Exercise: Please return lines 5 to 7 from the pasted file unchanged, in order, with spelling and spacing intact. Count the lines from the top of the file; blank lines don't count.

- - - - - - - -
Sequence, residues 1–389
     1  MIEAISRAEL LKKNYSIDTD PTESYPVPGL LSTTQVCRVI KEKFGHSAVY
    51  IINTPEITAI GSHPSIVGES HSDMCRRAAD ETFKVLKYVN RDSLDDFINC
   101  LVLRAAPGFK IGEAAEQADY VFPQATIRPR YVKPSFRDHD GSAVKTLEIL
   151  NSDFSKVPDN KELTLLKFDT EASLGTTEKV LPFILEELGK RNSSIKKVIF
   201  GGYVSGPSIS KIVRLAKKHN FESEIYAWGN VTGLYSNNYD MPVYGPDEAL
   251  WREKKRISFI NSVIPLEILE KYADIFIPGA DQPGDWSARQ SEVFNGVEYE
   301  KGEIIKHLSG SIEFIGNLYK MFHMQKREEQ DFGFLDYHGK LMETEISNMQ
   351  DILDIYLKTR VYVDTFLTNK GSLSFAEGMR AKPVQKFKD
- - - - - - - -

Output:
   151  NSDFSKVPDN KELTLLKFDT EASLGTTEKV LPFILEELGK RNSSIKKVIF
   201  GGYVSGPSIS KIVRLAKKHN FESEIYAWGN VTGLYSNNYD MPVYGPDEAL
   251  WREKKRISFI NSVIPLEILE KYADIFIPGA DQPGDWSARQ SEVFNGVEYE